2. Here's the original section that attempted to describe the necessary adjustment to net income to come up with operational cash flows attributable to owner earnings:

    "Cash flows from operations(adjusted to ignore changes in working capital and other assets, the loss on sale of property and the increase in the provision for deferred taxes but not stock compensation charges) amounted to $3.698 million."

    Best to ignore this.


  3. Andy,

    Glad you like the blog. I've updated the post with what I hope is a clearer explanation of the necessary adjustments(and other minor edits). Looking forward to your questions.


  4. Ragu,

    Before my questions, the gain on sale is -$0.059 (not -$.59) so the owner earnings calculated above is slightly higher. The missed zero is confirmation that you we up too late to be typing! LOL

    The broader theme of your post is that you can't have it both ways regarding capitalized lease obligations. If you are not going to classify them as debt on the balance sheet, then you must treat P&I lease obligations like rent from a cashflow standpoint and back them out of CFFO to get owner earnings. This is sensible.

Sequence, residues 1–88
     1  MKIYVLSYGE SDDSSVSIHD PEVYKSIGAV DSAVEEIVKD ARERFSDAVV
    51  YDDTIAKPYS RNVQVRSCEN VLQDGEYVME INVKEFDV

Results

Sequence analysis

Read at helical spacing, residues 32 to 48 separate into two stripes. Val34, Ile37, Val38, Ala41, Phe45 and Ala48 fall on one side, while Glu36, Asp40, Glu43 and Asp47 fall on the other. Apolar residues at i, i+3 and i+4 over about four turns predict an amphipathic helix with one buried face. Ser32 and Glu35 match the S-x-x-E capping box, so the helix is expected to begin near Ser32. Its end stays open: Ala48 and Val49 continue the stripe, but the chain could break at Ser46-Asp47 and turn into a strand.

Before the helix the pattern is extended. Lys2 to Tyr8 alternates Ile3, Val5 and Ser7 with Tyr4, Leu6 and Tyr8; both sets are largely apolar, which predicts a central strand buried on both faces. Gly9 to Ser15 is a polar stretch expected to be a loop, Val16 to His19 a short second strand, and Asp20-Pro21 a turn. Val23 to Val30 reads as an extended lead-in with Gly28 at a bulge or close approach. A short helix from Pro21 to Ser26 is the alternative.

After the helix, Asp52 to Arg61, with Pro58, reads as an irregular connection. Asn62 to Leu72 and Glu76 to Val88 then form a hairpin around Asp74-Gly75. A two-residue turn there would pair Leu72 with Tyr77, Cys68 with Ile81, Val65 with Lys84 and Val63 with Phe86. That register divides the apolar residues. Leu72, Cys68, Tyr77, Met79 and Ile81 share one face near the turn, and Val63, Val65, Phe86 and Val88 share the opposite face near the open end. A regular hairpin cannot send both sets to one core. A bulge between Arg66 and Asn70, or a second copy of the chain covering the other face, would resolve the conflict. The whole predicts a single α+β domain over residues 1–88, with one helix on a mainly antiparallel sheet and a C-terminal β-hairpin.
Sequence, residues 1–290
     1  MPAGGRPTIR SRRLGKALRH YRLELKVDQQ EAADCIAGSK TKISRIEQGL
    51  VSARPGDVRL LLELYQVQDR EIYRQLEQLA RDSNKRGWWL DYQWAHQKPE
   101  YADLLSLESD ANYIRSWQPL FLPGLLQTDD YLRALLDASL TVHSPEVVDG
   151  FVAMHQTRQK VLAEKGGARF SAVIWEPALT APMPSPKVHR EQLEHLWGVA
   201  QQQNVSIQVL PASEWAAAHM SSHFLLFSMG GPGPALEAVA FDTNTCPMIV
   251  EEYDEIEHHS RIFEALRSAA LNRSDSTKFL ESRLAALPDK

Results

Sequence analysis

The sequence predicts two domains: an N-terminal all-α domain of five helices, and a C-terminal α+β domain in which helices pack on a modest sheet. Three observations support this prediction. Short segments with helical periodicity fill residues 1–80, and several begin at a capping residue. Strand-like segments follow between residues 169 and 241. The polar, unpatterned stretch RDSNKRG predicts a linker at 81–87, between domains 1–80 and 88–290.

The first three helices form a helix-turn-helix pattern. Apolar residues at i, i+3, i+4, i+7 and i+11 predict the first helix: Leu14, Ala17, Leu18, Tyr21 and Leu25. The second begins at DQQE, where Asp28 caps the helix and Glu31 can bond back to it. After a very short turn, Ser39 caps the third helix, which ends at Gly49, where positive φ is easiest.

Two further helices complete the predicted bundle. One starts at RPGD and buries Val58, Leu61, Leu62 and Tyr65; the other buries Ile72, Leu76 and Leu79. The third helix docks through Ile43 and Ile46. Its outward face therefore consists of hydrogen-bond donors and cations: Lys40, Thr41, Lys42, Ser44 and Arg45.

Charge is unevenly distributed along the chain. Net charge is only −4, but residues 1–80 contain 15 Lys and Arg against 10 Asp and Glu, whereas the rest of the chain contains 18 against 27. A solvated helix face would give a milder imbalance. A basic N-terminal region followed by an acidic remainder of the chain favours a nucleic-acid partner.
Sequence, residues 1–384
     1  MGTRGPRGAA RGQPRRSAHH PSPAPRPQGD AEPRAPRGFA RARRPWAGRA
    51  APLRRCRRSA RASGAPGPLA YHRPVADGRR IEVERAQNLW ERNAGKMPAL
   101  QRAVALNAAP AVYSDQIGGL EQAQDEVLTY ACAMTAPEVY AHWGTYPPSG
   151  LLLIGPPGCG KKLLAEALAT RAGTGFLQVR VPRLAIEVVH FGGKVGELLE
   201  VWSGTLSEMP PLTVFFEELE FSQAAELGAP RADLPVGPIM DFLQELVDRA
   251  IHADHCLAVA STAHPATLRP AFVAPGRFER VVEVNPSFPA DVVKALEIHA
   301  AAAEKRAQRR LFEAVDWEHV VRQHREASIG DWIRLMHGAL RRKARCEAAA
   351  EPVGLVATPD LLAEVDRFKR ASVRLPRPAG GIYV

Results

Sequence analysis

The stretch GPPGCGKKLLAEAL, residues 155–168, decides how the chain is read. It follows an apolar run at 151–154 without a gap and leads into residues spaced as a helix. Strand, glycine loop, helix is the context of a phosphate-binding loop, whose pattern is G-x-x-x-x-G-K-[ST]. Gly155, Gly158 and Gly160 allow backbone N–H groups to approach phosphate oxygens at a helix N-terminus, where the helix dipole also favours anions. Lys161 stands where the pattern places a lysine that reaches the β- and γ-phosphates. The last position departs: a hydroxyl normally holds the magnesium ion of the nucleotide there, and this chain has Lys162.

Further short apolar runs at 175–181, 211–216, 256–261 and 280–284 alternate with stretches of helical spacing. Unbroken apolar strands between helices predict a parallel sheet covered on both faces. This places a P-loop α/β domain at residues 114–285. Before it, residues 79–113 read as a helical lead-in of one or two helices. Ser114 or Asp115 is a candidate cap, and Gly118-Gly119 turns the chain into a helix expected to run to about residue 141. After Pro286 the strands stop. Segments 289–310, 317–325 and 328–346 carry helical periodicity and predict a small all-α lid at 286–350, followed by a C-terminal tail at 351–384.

But what about working capital? If SNS (or any company) were to sell some goods and take on an IOU in the form of a receivable, the revenue would be refected in net income. If corresponding change in this non-cash receivable (WC) is not used to reduce net income, isn't that having it both ways and overstating owner earnings? This would argue for including changes in WC to the calculation of core owner earnings.

    (I'm not addressing one-time items like SNS's $10.632mm tax refund, or a temporary inventory reduction as it does make sense to me that these should be exluded when estimating core owner earning.)



  5. Andy,

    Thanks for the correction!